Primal Activities: Getting Away From It All

It’s been a busy year here in the Phelps household. My husband, Brian, has been working at two hospitals, which involves some night shifts, and in his “free” time he’s been developing an Emergency Department information system for the iPad. I began this blog and committed to posting every M-F, and as fun as it is, it definitely absorbs a lot of my attention. We’re parents to Edie, our 2-year-old daughter. Add to all of that a social life, working out, travel, 2 cats, and a book club. It’s not as crazy as many people’s lives, and we really do lead a charmed existence in many ways, but for two introverts, it can feel a bit overwhelming.

This was our second year of renting a cabin at a quiet little lake in the mountains about an hour away. And, boy, did we need it.

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There’s no internet, no TV, no indoor toilet (read: outhouse), and no potable water in the cabin since it’s piped in direct from the lake. It’s rustic. We arrived in a tumbly old truck packed to the gills with summer clothes, beach towels, camp chairs, 9 days worth of groceries (including about 20 pounds of local meat), fishing rods, mountain bikes, and topped it all off with a canoe. The mosquitoes were happy to see us.

It was the kind of quiet you can only get away from people—no background hum-drum of traffic, no car alarms, no garbage trucks in the morning, no lawnmowers. The sun-warmed pines gave off an incense that cleared cobwebs out of the darkest corners of my lungs. Birds twittered during the day and stars peeked through the trees at night. The lake was clear and clean, cool and refreshing after a trail run or bike ride. The dock was sunny and perfect for lounging with a G&T after a dip. We had several episodes of deep belly laughter since there were no distractions keeping us from actually engaging with one another. And it was so much fun to see our little girl loving the outdoors: getting dirty, watching bugs, splashing around, playing with sticks, climbing rocks.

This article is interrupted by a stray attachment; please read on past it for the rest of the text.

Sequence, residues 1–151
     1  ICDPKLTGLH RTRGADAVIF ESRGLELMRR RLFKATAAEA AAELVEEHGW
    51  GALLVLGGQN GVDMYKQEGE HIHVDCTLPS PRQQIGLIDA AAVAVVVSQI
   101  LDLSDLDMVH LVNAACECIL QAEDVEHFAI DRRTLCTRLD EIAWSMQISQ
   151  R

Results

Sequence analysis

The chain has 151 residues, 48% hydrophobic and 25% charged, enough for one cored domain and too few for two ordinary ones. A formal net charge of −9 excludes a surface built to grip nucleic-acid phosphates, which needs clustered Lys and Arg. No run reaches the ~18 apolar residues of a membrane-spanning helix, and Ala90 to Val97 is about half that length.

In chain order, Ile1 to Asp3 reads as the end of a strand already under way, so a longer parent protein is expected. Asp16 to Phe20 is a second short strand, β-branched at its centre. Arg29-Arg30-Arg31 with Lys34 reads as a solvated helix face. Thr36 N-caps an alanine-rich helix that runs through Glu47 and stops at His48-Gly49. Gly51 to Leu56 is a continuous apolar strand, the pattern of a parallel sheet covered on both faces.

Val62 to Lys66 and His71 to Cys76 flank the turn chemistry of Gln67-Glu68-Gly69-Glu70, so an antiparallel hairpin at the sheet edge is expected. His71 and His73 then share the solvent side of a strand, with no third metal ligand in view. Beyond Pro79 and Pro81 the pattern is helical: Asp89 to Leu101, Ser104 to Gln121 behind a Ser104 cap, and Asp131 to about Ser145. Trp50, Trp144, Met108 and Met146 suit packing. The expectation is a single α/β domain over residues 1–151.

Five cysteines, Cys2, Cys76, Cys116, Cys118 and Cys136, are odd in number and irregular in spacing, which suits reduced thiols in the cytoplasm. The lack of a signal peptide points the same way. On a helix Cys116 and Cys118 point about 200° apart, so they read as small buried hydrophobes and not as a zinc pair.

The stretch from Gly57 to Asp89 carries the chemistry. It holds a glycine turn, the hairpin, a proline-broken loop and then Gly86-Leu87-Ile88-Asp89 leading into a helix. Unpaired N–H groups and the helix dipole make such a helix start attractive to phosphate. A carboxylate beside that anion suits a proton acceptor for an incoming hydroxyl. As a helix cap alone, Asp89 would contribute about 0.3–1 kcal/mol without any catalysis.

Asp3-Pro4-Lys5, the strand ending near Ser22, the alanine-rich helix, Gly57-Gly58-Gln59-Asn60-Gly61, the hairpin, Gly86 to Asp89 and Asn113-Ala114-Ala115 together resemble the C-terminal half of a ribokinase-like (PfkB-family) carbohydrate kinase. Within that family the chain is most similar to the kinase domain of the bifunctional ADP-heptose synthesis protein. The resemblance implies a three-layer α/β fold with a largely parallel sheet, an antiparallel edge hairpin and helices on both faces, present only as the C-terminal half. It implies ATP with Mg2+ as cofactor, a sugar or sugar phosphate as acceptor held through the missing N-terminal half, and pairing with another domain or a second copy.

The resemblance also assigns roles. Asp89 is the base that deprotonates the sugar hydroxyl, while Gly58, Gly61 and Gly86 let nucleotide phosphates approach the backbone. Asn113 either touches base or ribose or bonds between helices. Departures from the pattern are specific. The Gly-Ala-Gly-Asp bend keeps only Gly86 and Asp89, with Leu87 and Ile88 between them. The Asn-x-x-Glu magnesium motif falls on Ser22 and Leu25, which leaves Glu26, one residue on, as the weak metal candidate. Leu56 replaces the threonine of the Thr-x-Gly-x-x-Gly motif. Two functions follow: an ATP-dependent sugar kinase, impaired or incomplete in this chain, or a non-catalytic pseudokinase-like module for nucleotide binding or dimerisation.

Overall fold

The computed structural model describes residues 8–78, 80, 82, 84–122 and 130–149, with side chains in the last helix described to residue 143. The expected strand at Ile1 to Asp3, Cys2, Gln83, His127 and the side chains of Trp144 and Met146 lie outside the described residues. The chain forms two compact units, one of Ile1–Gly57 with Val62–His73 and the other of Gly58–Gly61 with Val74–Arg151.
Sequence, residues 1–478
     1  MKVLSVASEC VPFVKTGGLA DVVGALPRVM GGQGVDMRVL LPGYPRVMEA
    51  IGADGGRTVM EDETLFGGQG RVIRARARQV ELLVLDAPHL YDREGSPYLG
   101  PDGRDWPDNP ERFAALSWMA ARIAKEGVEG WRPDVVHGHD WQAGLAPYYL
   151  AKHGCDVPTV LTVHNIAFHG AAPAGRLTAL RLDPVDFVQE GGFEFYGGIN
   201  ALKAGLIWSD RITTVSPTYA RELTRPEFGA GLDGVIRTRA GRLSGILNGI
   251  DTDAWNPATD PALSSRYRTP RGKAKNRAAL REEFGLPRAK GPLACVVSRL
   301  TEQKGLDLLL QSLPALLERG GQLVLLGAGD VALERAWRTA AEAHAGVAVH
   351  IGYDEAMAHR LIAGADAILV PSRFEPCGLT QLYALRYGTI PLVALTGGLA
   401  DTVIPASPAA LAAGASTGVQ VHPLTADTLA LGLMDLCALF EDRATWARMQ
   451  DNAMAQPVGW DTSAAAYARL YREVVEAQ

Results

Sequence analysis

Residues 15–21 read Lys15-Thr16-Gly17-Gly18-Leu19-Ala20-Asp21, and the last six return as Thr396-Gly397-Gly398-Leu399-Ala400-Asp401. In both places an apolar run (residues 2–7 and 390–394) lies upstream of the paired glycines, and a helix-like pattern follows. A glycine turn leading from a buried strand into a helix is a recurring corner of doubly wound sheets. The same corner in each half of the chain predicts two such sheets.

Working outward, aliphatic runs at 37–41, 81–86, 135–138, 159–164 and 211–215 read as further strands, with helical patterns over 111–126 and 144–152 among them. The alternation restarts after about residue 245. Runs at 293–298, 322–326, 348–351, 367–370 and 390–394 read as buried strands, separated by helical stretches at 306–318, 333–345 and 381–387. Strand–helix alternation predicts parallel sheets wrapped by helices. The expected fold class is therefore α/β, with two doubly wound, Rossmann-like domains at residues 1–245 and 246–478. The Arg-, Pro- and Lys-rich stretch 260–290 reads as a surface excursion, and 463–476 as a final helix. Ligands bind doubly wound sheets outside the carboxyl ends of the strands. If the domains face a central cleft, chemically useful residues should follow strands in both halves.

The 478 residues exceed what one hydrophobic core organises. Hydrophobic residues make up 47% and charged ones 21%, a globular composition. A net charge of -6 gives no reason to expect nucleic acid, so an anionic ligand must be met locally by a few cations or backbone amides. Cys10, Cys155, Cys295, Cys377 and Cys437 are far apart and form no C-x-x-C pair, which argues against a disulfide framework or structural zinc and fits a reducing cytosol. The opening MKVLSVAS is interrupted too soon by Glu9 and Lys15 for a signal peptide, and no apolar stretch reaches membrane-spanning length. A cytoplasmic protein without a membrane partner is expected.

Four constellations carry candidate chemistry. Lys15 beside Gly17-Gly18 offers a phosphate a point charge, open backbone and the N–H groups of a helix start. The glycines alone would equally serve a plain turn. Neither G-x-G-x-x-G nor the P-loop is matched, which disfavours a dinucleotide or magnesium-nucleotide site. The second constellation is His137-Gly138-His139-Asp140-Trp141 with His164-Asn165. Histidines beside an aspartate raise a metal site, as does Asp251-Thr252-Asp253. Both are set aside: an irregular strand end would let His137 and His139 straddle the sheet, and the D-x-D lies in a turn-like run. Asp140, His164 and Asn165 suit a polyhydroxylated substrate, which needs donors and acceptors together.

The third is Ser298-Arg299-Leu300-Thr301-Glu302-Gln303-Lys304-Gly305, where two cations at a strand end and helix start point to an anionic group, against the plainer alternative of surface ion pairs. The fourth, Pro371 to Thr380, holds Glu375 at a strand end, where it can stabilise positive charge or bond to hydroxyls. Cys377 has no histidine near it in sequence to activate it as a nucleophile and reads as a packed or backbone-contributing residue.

Our modern lives demand a lot of us. It’s easy to forget that it will wait for us to return. But if we don’t make the time and space for ourselves and the ones we love, no one else will.

Even our hunter-gatherer ancestors relaxed from time to time. Sure, they spent a lot of time and brain power thinking about food and shelter, but there were times of plenty when everything was temporarily taken care of. They feasted, sang, danced, told stories, competed in games and contests with each other. I’m fairly certain that none of them would think a pile of paperwork was a worthy enough reason to sit out a yearly gathering.

So go. Get away from screens of all types. Ditch the phone if you can, or at the very least, turn it off and check it once a day. Play cards or a board game. Reconnect with your loved ones. Rediscover some constellations. When’s the last time you flew a kite? It doesn’t matter if it’s the mountains, a beach, the desert, an island. Maybe it’s sun, maybe it’s snow. Just think manual, think real world, think verbs. Go for more than 3 days if you can manage it, because it’s only after that point that your brain starts to let go of all the gobbledy-gook of the complicated lives we’ve built for ourselves. My husband and I still fondly remember the wood gnome we invented on a backpacking trip who likes to go out and find firewood, complete with firewood-gathering song. He never would’ve made it into our lives without sinking into the experience and falling into a more nature-oriented rhythm.

And, hopefully, when you return to your normally scheduled life, it will all still be there, screaming for your attention. And you’ll have more of it to give.

Where do you go to get away from it all? To what lengths do you go to unplug?


One Response to “Primal Activities: Getting Away From It All”

  1. Sounds like a lovely experience.

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